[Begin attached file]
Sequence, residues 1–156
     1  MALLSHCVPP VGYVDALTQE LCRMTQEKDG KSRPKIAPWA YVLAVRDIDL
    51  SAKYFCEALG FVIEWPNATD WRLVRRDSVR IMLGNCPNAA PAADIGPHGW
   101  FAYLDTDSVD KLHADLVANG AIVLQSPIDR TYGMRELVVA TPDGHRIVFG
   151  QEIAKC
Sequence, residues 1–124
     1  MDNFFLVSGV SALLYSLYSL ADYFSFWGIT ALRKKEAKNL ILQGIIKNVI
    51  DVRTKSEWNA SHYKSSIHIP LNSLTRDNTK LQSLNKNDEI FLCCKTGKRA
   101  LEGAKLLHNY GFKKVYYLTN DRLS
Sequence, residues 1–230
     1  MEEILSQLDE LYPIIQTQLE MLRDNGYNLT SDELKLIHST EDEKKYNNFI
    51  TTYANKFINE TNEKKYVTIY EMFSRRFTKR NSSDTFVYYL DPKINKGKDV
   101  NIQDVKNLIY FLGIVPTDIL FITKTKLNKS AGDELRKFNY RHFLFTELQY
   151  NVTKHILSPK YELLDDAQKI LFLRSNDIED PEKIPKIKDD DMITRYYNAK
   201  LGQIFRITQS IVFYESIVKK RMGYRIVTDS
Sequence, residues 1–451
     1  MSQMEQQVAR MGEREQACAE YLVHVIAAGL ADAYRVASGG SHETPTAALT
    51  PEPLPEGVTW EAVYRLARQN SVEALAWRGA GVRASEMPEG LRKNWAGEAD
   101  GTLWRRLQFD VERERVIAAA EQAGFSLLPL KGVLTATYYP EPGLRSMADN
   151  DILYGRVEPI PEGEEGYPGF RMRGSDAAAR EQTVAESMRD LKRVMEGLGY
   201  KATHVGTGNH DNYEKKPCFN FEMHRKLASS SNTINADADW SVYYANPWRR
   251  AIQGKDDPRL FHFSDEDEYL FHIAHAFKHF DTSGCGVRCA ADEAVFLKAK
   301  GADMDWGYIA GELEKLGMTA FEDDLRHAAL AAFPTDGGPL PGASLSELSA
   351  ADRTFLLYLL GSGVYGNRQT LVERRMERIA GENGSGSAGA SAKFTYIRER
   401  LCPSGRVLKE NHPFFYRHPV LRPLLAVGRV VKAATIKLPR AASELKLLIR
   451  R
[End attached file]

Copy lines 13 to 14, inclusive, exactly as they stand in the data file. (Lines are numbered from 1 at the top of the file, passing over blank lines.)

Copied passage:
   101  NIQDVKNLIY FLGIVPTDIL FITKTKLNKS AGDELRKFNY RHFLFTELQY
   151  NVTKHILSPK YELLDDAQKI LFLRSNDIED PEKIPKIKDD DMITRYYNAK